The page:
A new book on the Black and Tans in North Tipperary has been heralded as a “significant history of North Tipperary”. The book, The Black and Tans in North Tipperary, by Sean Hogan, was a timely work in celebrating the centenary of a decade that shaped Ireland, Mayor Ger Darcy said at the launch in Nenagh Civic Offices.
“Every family has its story of fear and trouble during the Black and Tan War,” he said. “This book gives good analysis and perspective on the events and is a major contribution to our history and understanding of our heritage.”
The book looks at the period 1913 to 1922 and examines how County Tipperary went from being one of the least crime hit police districts to being one of the bloodiest and most terrifying.
It recounts events surrounding the ambushes and engagements, the struggle for political power at council level and within the IRA itself, as well as giving detailed background on those in the RIC and Crown Forces who were killed. It also examines the many killings and intimidation of civilians that were carried out by both the IRA and the Black and Tans.
Author Sean Hogan gathered much of his information through interviews with 35 of those who were involved in the War of Independence, as well as utilisating police records in England and the Irish Bureau of Military History and local newspapers. One of those interviews was with Dean Cahill of Borrisokane, who was portrayed by Martin Sheen in the recent film Stella Days.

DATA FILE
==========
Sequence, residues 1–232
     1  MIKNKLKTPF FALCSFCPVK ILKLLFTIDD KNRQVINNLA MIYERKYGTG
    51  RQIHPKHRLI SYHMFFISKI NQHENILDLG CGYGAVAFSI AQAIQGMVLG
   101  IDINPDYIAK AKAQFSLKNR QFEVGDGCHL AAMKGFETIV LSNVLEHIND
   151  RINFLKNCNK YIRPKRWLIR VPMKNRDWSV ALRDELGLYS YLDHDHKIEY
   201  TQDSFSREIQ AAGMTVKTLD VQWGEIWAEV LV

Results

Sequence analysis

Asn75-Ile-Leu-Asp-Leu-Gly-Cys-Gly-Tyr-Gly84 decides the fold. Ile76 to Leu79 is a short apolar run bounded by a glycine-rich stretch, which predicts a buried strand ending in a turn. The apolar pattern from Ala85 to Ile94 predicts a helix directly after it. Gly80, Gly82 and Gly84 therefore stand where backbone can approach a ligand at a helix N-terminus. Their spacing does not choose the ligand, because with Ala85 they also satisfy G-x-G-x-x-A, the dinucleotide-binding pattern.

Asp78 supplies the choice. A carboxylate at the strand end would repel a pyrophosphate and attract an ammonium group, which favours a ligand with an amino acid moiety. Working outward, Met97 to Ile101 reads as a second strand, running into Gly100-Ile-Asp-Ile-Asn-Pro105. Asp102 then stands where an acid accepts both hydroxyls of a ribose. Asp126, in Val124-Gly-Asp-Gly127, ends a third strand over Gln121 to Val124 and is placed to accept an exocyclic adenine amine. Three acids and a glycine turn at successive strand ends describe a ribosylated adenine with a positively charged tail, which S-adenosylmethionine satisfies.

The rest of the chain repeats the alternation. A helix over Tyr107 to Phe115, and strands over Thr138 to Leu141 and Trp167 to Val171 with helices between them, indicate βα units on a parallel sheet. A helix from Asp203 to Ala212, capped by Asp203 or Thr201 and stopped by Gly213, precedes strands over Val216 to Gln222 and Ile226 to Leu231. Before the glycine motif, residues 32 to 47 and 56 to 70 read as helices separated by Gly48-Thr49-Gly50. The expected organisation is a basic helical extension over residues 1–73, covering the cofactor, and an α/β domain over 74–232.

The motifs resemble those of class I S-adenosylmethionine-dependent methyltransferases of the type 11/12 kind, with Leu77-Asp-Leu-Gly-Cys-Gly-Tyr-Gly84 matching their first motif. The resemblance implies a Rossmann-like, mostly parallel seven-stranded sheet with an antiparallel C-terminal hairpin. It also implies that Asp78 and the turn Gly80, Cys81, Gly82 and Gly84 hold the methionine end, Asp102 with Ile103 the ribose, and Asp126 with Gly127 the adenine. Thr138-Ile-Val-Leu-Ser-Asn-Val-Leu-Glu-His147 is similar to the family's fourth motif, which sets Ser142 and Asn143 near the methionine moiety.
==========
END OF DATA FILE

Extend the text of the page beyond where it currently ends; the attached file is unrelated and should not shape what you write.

Mr Hogan said he was of a generation that could recall the 50th anniversary of the Easter Rising in 1966, and had read the standard works by Dan Breen and Ernie O’Malley.
“I had, what I imagine, was a fairly standard hero / villain view of this period of our history. And the villains were, of course, the Black and Tans,” he said.
However, the author said there were some “fairly shocking and dark deeds” in the book. “This is not heroes and villains.”
Mr Hogan said some will find aspects of the stories about their ancestors to be very difficult, but one of the things we had learned in recent years was that no side in a conflict had a monopoly on the damage inflicted or the suffering caused.
He hoped the book would do justice to the generation involved, pointing out that many of the people involved were very young.
John Flannery, president of Ormond Historical Society, also stated that many will not like what they found in the book, but believed it presented a challenge to “confront our demons”. He said Mr Hogan had shed new light on the topic.